Let’s just say that I always felt uncomfortable about the whole concept. Maybe it is because I started programming under classic MacOS, where Human Interface Guidelines were strict, and we had to count every pixel twice before using it for a UI element. Pixels were rare, and colors were few and far between. We had to walk ten miles, uphill, barefoot in the snow just to get an event loop, and even then we had to write it ourselves. And when our app crashed, it took the Mac with it, and we liked it that way. … err … sorry, don’t know where that came from.

All right, I admit there are some things the delicious apps, and their stepchildren, and Apple’s UI experiments in their own mothership-designed apps have given us that I am very grateful for, and which I appreciate:

  • A whack over the head reminding us that we have enough colors and pixels these days that we can use a different texture for a popup button without the risk that no user will recognize it as a popup button.
  • A renaissance of real-world metaphors, but this time in photorealism instead of as the simplified, idealized toys in MacDraw’s and MacPaint’s toolboxes.
  • A new appreciation of professional graphics design and polish.
  • More attention paid to the un-boxing experience and to welcoming new users, including the metaphorical return of the trusted old “Macintosh Intro” and “HyperCard Tour” in the form of welcome screens and tutorial screencasts built right into the applications.
  • Heart and soul for our applications, including tiny features that make our users go “wow!” when they realize someone actually thought of that.
  • A willingness to part from the well-trodden paths of the letter of the Human Interface Guidelines when there is a good, well-researched reason to do so, and it doesn’t violate its spirit.

However, one thing I found consistently missing, was paying attention to users’ workflows and efficiency. Most of the attention seemed to have been paid to the initial un-boxing, leading the user into the application, making them go “wow!”, providing the basic feature set that was needed to sell an application as whatever kind of application it was supposed to be.

File comparison utilities that were only able to compare two files, without the ability to take into account a common ancestor (heck … FileMerge and even diff do that out of the box, for free!). Version control applications that require you to select every single file and add it, are unable to retroactively detect moved files, have no support at all for branches and merging, and hence get their asses kicked by an application with an Eclipse-style Java UI. Disk burning applications that made it too easy to accidentally delete a file while scrolling, and that just passed through features of the disk recording framework, and which haven’t seen more than a single maintenance update in over two years because they are apparently waiting for Apple to add new features instead of doing it themselves. Book databases that crawled to a halt just around the number of items where it would make sense to start keeping a database of them, and then sold the fix to that issue as a major reason for version 2.0.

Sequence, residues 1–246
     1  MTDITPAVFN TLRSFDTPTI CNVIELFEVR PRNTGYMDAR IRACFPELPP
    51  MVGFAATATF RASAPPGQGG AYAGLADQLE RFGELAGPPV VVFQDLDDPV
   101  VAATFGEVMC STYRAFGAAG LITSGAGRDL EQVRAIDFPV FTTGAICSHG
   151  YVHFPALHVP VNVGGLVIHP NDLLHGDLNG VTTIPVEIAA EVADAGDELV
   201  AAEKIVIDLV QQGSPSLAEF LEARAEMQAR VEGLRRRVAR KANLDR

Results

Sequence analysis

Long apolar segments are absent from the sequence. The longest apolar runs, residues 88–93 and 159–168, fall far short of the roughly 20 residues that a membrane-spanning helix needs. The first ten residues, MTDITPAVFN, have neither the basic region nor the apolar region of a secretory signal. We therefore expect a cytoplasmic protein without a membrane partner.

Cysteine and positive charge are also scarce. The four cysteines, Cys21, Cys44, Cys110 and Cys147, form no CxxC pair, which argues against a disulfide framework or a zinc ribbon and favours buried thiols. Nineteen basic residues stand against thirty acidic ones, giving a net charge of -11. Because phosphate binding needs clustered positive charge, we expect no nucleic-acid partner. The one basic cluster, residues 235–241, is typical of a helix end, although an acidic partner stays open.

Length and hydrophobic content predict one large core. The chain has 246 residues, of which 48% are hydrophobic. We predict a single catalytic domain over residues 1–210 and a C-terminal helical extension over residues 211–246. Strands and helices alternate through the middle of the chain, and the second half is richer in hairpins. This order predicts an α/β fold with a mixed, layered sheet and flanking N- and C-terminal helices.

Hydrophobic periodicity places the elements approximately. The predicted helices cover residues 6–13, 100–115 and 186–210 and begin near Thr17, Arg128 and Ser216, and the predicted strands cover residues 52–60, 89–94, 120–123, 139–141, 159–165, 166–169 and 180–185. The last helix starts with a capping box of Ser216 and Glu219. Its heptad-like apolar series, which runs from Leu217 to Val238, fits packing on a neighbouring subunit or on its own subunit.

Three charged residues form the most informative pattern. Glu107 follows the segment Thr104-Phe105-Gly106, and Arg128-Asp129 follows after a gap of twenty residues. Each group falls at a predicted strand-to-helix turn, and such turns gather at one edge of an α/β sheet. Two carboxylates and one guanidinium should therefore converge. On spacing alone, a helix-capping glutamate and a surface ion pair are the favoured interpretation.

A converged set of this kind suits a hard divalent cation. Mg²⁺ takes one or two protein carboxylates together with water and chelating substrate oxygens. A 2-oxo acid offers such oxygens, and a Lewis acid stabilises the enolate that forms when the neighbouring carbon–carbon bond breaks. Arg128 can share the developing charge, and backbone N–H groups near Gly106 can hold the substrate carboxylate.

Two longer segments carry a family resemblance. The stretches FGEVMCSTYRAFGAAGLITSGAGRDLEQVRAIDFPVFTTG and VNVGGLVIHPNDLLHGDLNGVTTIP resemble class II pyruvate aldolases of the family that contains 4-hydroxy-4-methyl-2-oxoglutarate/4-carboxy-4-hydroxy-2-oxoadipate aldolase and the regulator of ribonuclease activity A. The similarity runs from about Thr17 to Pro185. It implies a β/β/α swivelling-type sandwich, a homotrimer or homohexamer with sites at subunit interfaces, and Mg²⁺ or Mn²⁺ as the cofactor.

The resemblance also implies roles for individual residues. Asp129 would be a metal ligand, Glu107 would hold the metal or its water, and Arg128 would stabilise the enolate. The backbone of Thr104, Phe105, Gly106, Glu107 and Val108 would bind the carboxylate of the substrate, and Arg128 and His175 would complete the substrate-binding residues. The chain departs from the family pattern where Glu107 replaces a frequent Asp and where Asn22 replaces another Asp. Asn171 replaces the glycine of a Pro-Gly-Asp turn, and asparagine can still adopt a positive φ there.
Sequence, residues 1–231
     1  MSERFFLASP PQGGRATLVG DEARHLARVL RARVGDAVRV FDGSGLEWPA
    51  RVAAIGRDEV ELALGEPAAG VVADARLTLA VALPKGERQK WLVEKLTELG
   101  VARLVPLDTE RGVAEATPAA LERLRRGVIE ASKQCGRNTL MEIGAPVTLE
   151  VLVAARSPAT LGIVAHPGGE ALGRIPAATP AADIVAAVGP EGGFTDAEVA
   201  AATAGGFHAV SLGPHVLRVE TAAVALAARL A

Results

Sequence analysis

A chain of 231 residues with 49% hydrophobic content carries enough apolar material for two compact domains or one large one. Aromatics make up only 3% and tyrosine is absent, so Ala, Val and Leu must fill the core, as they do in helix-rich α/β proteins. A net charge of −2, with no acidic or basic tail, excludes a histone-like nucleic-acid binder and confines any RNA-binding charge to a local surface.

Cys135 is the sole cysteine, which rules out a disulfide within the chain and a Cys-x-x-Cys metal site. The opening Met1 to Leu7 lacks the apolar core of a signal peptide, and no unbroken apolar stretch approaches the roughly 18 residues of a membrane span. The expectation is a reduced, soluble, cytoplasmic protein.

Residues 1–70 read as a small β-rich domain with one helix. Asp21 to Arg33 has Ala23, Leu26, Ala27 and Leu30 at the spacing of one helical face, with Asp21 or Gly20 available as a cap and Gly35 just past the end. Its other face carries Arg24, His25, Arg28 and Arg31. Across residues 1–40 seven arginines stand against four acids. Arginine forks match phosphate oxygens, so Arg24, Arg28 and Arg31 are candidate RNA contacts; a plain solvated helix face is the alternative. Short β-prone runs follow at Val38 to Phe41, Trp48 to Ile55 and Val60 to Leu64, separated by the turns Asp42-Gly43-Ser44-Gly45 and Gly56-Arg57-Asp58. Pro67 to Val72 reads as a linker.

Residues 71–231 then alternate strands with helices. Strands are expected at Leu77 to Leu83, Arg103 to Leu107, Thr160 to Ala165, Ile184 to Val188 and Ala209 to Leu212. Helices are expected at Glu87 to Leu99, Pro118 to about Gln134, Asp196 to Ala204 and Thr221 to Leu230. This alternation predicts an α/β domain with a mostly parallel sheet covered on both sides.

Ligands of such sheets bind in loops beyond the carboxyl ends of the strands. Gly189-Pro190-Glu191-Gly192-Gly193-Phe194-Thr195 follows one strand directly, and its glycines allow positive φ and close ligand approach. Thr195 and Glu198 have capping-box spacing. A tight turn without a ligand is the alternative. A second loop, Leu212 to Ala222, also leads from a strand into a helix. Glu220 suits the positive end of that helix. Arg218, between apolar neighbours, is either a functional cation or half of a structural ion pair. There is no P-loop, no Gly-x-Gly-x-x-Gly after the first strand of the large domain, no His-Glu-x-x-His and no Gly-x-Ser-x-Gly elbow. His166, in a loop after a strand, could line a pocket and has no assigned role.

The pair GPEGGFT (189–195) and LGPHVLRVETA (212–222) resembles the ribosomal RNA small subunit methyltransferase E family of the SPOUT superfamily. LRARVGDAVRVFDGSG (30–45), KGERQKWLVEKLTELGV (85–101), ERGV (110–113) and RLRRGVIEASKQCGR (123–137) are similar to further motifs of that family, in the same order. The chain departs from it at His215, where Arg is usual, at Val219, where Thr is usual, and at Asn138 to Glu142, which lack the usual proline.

All of these applications have one thing in common: They seem great at first, but after you’ve used them for a while, they fall down flat on their noses. Yes, not everybody uses an application the same way, and yes, not everyone needs the same features, and yes, you need to build up recognition and a brand identity if you want people to remember your application and you want to stay in business. But you also need to actually do for the user what she expects you to do.

And that’s why I have decided I do not want to be Delicious.

Do I want a professional-looking, polished application? Yes. Do I want to create a program that is inviting and enticing to the user? Yes. Do I want to provide the best, most intuitive user interface for my users? Hell yeah.

But my application also has to be able to support the user in doing their tasks every single day. It has to cope with the user not quitting it and not shutting down their Mac for a month or more on end. It has to honour their priorities and their data, it has to perform well in real-life situations with real-life data. It shouldn’t present cryptic error messages or get stuck in error message loops when an error occurs, and the concept of an “unexpected” error should be anathema. And it should support the user, not just sit by and be idly manipulated. It should have sensible defaults and do the right thing out-of-the-box.

And sure as hell it shouldn’t unnecessarily transmit the user’s data over the web or evaluate it just so I can present it on a map or announce how much money people have made using my app in the last month (!), redirect every operation on the ‘net the users do through my company servers, delete the user’s home folder or encrypt their files when my app thinks their license had been tampered with, send their whole address book to my company servers unencrypted without telling them beforehand, or install code that gets loaded into every application just so I get better crash reports.